Sunday, February 15, 2015

New China credit policy to hit copper imports in Shanghai trade zone

New China credit policy to hit copper imports in Shanghai trade zone
(Reuters) - Trading companies operating in Shanghai's free trade zone are likely to cut back on using copper imports as a financing tool as they are now allowed to borrow from overseas banks more freely, trading sources said.
Traders said the reduction would further hit China's imports of copper, which dropped off after Chinese banks tightened credit in the second half of last year amid probes of an alleged metal financing scam. 
More than 50 percent of China's refined copper imports in 2012-2013 were linked to financing deals, according to traders.
The refined copper imports still hit a record in 2014 due to increased term shipments and state purchases, but weak spot buys cut the inflows by more than 9 percent in the second half from the first half. 
China's central bank ( said on Thursday that companies in the Shanghai free trade zone would now be allowed freer access to financing from abroad.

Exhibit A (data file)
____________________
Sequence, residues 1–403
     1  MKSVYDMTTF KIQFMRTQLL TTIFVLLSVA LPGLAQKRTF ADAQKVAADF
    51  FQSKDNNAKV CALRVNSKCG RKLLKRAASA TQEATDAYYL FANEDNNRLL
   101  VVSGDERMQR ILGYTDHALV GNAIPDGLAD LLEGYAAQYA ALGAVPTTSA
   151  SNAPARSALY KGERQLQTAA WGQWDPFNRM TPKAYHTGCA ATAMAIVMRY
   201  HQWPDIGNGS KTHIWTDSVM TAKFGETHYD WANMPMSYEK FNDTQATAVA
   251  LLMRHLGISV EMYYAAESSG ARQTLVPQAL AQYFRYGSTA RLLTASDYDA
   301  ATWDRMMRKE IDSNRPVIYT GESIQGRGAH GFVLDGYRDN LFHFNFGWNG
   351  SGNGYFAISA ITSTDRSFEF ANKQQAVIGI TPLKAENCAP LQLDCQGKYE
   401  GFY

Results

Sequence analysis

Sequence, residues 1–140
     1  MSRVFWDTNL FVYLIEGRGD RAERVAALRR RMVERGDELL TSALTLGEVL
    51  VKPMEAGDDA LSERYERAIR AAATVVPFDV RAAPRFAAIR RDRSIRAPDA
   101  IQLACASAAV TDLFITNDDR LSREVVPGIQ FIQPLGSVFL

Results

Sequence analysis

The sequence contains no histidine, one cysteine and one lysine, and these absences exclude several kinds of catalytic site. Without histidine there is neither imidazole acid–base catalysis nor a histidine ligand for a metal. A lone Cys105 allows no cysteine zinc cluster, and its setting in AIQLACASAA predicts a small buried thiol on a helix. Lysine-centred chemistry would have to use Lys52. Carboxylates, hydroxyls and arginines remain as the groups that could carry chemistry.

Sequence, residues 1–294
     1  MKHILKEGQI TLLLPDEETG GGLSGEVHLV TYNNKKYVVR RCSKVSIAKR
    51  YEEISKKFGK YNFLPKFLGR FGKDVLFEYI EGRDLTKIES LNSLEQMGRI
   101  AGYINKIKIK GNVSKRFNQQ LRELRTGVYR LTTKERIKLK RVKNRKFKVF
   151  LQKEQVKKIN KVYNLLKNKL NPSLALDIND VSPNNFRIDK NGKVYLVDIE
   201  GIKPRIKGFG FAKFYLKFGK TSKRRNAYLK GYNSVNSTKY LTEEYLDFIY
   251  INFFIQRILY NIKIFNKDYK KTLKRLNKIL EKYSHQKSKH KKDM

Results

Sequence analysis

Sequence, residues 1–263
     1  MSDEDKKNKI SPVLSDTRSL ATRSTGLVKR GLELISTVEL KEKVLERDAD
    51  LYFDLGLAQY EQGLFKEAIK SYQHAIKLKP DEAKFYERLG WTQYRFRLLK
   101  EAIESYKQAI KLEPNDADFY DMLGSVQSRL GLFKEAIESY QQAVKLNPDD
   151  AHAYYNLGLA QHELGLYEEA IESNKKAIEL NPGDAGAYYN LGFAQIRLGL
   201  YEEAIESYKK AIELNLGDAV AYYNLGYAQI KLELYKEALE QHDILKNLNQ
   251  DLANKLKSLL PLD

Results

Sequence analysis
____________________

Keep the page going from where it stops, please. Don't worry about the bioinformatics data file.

"We used copper trade for transferring funds in and out of Shanghai. Now we don't need copper any more because we can transfer money directly to and from our subsidiary," said an executive at an Asian trading house with a subsidiary operating in the trade zone.
The executive said he expected bonded copper stocks in the zone to fall because of fewer financing deals. He declined to be named because he was not authorized to talk to media.
Last year's drop-off in China's copper imports in the second-half of the year was a drag on the metal's prices , which fell about a quarter by the end of January from a five-month peak hit in July.
Many metal-trading companies moved into the zone looking for a freer trading environment after Beijing started it up in 2013 to try and gradually open the Chinese market.
Like importers outside the zone, these traders imported copper, nickel and zinc , storing the metals in bonded warehouses as collateral for cheaper short-term loans from foreign banks.
U.S. dollar loans from Hong Kong banks are charged annual interest rates of about 1.5-2 percent, compared to more than 5 percent for yuan loans in the domestic market, said the Asian trading house executive.
More loans from aboard would cut demand for yuan loans in the China's domestic market, which could force Chinese banks to lower lending rates, said a trader at a state-owned trading company operating in the zone.

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